If you apply too much, you can gently buff it off with a soft cloth. It dries super fast, and I gave it a second quick touch up coat to highlight a few areas.


Applying both the wax and organza took under 30 minutes (including documenting each step). This whole project came together much faster than I thought and by mid afternoon, my mission was accomplished.


Now to get this tub back in the bathroom where it belongs…


How amazing are those faux brass feet?! They even match the doorknobs


Trying to find those small moments of pretty in a sea of construction and chaos to keep me sane…


If you don’t have a clawfoot tub lying around, this technique can be used on pretty much anything at all. I’m already eyeing other pieces of furniture I can paint and wax and turn into “metal”. There will be more where this came from!


To recap, here’s what I used for this makeover:

Maison Blanche Vintage Furniture paint in Cobblestone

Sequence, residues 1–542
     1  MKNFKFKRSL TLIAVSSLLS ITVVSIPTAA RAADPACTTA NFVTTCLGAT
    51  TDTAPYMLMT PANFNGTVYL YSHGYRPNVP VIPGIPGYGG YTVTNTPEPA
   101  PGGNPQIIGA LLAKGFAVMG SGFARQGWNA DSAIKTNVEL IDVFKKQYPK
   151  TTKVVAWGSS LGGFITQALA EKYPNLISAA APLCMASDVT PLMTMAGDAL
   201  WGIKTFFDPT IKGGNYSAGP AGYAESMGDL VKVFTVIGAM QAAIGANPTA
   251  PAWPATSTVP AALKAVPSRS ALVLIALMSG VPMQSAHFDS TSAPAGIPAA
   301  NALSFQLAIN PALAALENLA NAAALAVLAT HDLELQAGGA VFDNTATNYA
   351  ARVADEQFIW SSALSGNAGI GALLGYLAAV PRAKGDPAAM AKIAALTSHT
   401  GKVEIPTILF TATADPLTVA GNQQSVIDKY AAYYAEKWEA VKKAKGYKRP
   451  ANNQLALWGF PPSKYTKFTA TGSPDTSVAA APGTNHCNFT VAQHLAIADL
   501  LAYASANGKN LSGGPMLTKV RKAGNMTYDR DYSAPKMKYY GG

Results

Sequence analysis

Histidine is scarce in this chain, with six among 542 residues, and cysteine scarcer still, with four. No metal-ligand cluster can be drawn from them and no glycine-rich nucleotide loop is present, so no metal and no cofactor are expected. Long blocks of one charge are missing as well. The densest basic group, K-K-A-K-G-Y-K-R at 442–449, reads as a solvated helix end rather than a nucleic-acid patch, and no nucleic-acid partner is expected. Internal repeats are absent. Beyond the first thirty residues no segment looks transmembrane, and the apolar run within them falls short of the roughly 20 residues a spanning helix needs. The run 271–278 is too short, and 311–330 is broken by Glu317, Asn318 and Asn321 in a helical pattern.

Maison Blanche Antique Wax in Dark Brown

Maison Blanche Vintage Furniture paint in Wrought Iron

Maison Blanche Organza in Oil Rubbed Bronze

There’s currently all kinds of demo and mayhem happening in this bathroom, so before we get too far I want to share all of my plans and sources for both of the bathrooms along with a full house progress update. Stay tuned for that next week, and let me know if you have any questions/comments about today’s project! As always, you can reach me on instagram, facebook and snapchat @ jennasuedesign. Until then…



How to age shiny brass instantly! + Cottage House Flip Episode 5

It has been quite the eventful/stressful past few days—but I survived! And I’m not even talking about the election—more like broken shop equipment, broken laptop, flat tire, expensive tow truck rides, project plans derailed and DIY frustrations. But you’ve gotta take the bad with the good, and despite the setbacks, life is good.

You know what else is good? Magical potions that instantly transform shiny brass to aged perfection…


It’s true, and I’m not sure how this has fallen under my radar for so long—but this miracle liquid exists and it’s my new BFF.

Today I’m sharing a quick recap in this post, but to watch the process in action (and see more house flip updates) you’ll want to check out this week’s video:

Let’s back up for a second. I was fortunate enough to inherit this beautiful clawfoot tub in the upstairs bathroom: